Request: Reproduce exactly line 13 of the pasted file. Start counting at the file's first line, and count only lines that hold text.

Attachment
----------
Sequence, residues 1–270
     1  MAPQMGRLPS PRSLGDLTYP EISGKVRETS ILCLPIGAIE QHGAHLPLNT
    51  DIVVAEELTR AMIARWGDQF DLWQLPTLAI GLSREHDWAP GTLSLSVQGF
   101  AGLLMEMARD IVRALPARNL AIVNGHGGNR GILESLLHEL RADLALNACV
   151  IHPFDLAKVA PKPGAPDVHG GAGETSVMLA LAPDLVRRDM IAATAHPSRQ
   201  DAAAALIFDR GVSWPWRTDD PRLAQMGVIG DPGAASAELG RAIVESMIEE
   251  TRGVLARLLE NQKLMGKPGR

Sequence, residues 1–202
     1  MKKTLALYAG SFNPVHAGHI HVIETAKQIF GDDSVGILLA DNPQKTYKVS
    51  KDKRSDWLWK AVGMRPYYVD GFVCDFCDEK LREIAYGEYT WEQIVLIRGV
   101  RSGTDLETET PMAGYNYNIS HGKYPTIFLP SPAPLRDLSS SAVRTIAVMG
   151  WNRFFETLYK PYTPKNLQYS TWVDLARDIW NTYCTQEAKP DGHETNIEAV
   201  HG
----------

   201  HG